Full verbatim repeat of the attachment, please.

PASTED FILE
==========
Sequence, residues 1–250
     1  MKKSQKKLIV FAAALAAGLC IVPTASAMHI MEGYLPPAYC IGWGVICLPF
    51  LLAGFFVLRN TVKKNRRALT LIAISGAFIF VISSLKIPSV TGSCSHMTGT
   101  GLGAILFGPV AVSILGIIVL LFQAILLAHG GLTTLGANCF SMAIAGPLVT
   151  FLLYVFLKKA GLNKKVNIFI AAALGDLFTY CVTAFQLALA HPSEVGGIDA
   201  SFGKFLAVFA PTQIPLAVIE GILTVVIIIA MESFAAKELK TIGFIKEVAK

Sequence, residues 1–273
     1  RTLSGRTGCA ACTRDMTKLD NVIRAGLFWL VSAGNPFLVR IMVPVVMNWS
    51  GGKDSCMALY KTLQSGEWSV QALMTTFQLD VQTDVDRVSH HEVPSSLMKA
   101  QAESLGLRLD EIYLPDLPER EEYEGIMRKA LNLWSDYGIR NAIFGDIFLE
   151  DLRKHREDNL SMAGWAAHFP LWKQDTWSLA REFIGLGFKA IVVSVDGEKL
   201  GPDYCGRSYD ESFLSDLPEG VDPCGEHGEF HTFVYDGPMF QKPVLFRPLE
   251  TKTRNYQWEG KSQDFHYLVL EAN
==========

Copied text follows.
Sequence, residues 1–250
     1  MKKSQKKLIV FAAALAAGLC IVPTASAMHI MEGYLPPAYC IGWGVICLPF
    51  LLAGFFVLRN TVKKNRRALT LIAISGAFIF VISSLKIPSV TGSCSHMTGT
   101  GLGAILFGPV AVSILGIIVL LFQAILLAHG GLTTLGANCF SMAIAGPLVT
   151  FLLYVFLKKA GLNKKVNIFI AAALGDLFTY CVTAFQLALA HPSEVGGIDA
   201  SFGKFLAVFA PTQIPLAVIE GILTVVIIIA MESFAAKELK TIGFIKEVAK

Sequence, residues 1–273
     1  RTLSGRTGCA ACTRDMTKLD NVIRAGLFWL VSAGNPFLVR IMVPVVMNWS
    51  GGKDSCMALY KTLQSGEWSV QALMTTFQLD VQTDVDRVSH HEVPSSLMKA
   101  QAESLGLRLD EIYLPDLPER EEYEGIMRKA LNLWSDYGIR NAIFGDIFLE
   151  DLRKHREDNL SMAGWAAHFP LWKQDTWSLA REFIGLGFKA IVVSVDGEKL
   201  GPDYCGRSYD ESFLSDLPEG VDPCGEHGEF HTFVYDGPMF QKPVLFRPLE
   251  TKTRNYQWEG KSQDFHYLVL EAN